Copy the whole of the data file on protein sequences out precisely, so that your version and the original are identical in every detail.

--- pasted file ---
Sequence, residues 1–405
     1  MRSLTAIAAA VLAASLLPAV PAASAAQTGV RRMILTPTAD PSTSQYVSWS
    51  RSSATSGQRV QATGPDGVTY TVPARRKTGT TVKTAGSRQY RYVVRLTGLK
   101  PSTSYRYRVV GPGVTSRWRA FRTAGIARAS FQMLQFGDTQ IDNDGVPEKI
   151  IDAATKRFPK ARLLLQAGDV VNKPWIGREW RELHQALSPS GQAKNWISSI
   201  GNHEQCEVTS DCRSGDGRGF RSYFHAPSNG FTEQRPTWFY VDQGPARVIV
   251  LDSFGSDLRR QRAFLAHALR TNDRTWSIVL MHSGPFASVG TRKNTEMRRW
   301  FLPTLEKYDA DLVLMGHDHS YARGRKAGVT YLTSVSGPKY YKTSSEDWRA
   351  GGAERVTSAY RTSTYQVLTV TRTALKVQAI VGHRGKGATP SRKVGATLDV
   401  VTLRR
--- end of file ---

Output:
Sequence, residues 1–405
     1  MRSLTAIAAA VLAASLLPAV PAASAAQTGV RRMILTPTAD PSTSQYVSWS
    51  RSSATSGQRV QATGPDGVTY TVPARRKTGT TVKTAGSRQY RYVVRLTGLK
   101  PSTSYRYRVV GPGVTSRWRA FRTAGIARAS FQMLQFGDTQ IDNDGVPEKI
   151  IDAATKRFPK ARLLLQAGDV VNKPWIGREW RELHQALSPS GQAKNWISSI
   201  GNHEQCEVTS DCRSGDGRGF RSYFHAPSNG FTEQRPTWFY VDQGPARVIV
   251  LDSFGSDLRR QRAFLAHALR TNDRTWSIVL MHSGPFASVG TRKNTEMRRW
   301  FLPTLEKYDA DLVLMGHDHS YARGRKAGVT YLTSVSGPKY YKTSSEDWRA
   351  GGAERVTSAY RTSTYQVLTV TRTALKVQAI VGHRGKGATP SRKVGATLDV
   401  VTLRR